A government consultation has proposed that a blacklist should be created for persistent rogue landlords and letting agents. However, Paul Shamplina, Fouder of Landlord Action, is also calling for a blacklist of persistent rogue tenants to be made public.
The government’s discussion points involved introducing banning orders and civil penalties up to £5,000, speeding up repossessions on abandoned properties and producing a blacklist for those offending letting agents and landlords.
An overwhelming 92% of those questioned agreed that there should be a blacklist of persistent rogue letting agents and landlords
It has been suggested that this blacklist would be available to both local authorities and central government, so those committing the offences can be monitored.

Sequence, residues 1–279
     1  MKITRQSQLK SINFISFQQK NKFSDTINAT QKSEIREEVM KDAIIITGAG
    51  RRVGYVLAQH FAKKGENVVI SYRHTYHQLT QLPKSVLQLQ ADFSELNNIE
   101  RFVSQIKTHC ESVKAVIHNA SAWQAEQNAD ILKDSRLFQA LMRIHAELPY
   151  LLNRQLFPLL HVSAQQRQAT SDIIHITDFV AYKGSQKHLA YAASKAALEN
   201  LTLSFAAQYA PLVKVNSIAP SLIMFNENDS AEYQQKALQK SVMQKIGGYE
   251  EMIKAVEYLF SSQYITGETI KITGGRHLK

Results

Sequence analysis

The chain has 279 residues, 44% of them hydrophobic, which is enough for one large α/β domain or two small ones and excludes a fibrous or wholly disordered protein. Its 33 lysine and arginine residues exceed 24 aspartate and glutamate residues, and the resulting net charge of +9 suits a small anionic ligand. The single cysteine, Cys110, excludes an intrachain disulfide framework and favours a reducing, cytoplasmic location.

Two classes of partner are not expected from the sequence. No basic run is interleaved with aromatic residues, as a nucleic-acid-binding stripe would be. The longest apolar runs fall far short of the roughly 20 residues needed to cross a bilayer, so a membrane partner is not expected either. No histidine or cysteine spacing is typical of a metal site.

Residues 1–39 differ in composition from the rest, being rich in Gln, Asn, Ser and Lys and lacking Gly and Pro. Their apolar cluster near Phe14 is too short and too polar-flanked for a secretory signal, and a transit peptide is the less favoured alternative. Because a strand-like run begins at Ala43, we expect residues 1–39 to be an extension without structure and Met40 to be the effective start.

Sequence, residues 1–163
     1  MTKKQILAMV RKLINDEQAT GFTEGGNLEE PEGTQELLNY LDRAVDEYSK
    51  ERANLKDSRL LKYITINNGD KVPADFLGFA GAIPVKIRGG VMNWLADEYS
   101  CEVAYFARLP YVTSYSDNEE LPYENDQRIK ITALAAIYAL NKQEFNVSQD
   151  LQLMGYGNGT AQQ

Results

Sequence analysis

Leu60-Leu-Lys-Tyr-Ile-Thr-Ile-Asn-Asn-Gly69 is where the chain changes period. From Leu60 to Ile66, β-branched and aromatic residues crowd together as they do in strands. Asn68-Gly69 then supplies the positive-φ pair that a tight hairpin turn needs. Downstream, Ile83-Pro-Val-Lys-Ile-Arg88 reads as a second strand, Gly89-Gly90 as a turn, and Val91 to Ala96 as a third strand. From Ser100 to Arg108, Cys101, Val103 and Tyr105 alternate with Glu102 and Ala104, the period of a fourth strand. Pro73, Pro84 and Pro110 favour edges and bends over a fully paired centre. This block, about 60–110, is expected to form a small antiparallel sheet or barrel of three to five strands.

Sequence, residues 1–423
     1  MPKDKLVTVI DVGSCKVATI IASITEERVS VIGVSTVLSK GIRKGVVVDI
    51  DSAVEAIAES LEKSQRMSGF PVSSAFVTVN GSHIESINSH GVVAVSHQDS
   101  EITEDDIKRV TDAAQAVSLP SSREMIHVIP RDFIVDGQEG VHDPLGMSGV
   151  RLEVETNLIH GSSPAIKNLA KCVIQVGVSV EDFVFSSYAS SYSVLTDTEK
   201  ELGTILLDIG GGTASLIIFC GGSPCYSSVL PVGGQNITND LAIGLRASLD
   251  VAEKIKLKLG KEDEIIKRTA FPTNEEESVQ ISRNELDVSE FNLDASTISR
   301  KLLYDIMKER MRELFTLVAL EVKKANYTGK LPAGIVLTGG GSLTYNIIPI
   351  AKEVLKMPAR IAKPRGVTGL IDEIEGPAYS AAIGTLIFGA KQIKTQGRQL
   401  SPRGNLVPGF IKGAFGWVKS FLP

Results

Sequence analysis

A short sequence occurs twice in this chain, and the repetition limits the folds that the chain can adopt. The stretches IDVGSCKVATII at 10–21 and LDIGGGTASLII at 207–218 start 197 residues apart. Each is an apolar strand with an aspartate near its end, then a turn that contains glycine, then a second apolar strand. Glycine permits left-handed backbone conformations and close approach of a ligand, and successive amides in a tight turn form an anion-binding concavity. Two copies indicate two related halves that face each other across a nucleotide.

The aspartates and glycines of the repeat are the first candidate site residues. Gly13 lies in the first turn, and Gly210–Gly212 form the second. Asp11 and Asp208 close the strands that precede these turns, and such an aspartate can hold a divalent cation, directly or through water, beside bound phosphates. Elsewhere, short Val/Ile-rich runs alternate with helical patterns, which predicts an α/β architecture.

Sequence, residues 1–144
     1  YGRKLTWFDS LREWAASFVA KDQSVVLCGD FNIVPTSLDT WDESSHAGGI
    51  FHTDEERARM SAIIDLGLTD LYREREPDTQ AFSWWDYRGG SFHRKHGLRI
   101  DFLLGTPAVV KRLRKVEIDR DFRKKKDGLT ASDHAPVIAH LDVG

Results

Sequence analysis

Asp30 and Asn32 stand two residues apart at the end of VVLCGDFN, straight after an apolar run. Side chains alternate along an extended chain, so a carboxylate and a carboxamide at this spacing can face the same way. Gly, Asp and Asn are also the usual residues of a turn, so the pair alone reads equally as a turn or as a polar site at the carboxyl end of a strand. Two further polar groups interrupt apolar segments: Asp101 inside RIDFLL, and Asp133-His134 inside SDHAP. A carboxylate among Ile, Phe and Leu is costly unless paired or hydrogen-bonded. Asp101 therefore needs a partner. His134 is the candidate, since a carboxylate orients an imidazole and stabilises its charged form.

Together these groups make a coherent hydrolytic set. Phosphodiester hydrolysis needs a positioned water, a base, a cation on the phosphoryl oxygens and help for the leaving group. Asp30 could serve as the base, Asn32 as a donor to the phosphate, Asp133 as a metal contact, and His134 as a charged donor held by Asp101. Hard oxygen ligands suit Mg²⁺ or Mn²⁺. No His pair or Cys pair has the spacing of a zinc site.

Shamplina argues that the blacklist should also include agents that have multiple money judgments against them by landlords for non-payment of rent.
He has also called for more equality and openness from the government, arguing that a blacklist should be created for offending tenants too.
“One of the greatest challenges is finding a balance between supporting good landlords and agents, whilst cracking down on criminal activity,” he commented.